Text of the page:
04 April 2010

The Ghost-Grey Cat Presents: (6) Journey to Jerusalem

Episode 518:  Journey to Jerusalem
First aired:  14 September 1976
Author:  Sam Dann

Play the teaser
You still do not accept Jerusalem?  It is not a place on a map!  It exists in the heart, the soul.
     Mme. Solanos to Elwood Joris
Happy Easter, y'all.  This year's Blog Against Theocracy is live for the weekend, and I had originally thought to post something over there.  Heaven knows that there's plenty to blog about.  For example, the thought of replacing Thomas Jefferson with Phyllis Schlafly in textbooks is so offensive, it barely merits the response, " 'Seriously?'."  The lolcatty "Srsly?" would be more appropriate if the stakes for U.S. education weren't so high.

It's the much wider range of possible topics that ultimately sunk that full-blown blog post.  My attempts to choose a subject sent me in too many different directions.  As I was still making up my mind, coincidence put "Journey to Jerusalem" on my iTunes playlist.  It occurred to me that this would be a good episode to review on Easter Weekend.

Like quite a few RMT episodes, Episode 518 carries a strong Abrahamic undercurrent.  That larger group of episodes consists of three subgroups: (1) a pair of inspirational stories so awful, they wouldn't make the cut on Unshackled; (2) straight crime dramas in which characters attribute their fates to Godly intervention; and (3) horror stories pitting ordinary people against Satan, demons, dybbuks and/or other forces of Hell.  A few of these episodes derive from Jewish legend, while others occur in Christian settings, but none specifically mentions Jesus Christ.

"Journey to Jerusalem" belongs to the larger category, but not any of the subcategories.  Instead of demons or divine intervention, it concentrates on Jerusalem, and its meaning two the two main characters.  As becomes apparent during the course of the plot, Jerusalem is far more than a holy city to them.

The main character is Elwood Joris (Vincent Gardenia, in his only RMT appearance), a self-made billionaire whose rags-to-riches life has left him lonely and even a bit paranoid.  Now in middle age, he is discovering that his riches cannot buy back the things he sacrificed to make them.  Joris especially wants his youth back, but no one is selling.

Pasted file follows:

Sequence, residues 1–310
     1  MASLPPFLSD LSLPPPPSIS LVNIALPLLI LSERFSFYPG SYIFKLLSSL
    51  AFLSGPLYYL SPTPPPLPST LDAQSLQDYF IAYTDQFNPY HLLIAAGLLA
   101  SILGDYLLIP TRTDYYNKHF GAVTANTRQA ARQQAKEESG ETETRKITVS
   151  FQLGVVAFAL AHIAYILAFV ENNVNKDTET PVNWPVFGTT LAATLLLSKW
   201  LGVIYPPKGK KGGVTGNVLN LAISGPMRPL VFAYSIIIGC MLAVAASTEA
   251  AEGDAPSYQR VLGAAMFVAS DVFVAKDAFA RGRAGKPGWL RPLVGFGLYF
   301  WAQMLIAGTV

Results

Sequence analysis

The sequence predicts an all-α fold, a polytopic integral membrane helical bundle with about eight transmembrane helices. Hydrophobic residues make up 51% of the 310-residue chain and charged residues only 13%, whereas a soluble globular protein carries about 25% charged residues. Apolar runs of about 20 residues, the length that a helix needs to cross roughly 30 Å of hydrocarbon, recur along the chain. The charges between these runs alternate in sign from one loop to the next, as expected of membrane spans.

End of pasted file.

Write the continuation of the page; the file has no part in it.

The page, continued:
Enter Madame Solanos (Joan Shea).  At first glance, she is merely a dark-haired, dark-eyed crank.  Newly evicted on her landlord's suspicion that she is also a con artist, she has appealed to Joris for help.  Her pleas go ignored until, at the end of Act I, she threatens to blackmail Joris's receptionist.  Once she does meet with him, Mme. Solanos demands that Joris help her, and tells him what she has done to those who oppose her.

Although Joris judges her threat and her power to both be credible, he resists.  In fact, he threatens to use his connections to jail Mme. Solanos.  But persistence, and an eloquent appeal to his better angels, convice him that she can acutally help him regain his youth.  They join forces, finally -- but to what end?

It's not clear exactly who or what Mme. Solanos is.  She regards Jerusalem not just as a city, but as "the spirit of justice."  She wants to help others find Jerusalem, especially Joris.  Gifted with supernatural powers, she also regards herself as an instrument of God.  But if that's true, why does she care about helping Joris, but not anyone else?  Why use her powers to blackmail his receptionist, or bring grievous harm to two of his associates?  So far as we can tell, the only things that distinguish Joris are his material wealth and his loneliness.  Whatever she is, Mme. Solanos is certainly no angel.

As for Joris:  why does he want his youth back?  Is it just regret, or does he fear for his soul?  For some reason, a famous phrase comes to mind, one that appears in three Gospels of the New Testament.  I'll just quote the one from the Gospel of Mark, in which he is advising a rich young man who wants to reach Heaven:
It is easier for a camel to go through the eye of a needle than for a rich man to enter the kingdom of God.  (Mark 10: 25)
According to Mark, Jesus made this declaration at a stop on a journey to Jerusalem -- just before he again predicted his death and resurrection to his twelve apostles.

Back to this story, though.  RMT generally didn't believe in multi-part stories -- its five exceptions were all week-long epics -- but this almost felt like Part 1 of a two-part episode.  It works very well as is, but its ambition certainly left it open to a two-hour plot.  Either way, it's one of the more challenging episodes in the series.

Grade:  93/100.  "Journey to Jerusalem" was one carefully selected title for an ambitious story.

No comments: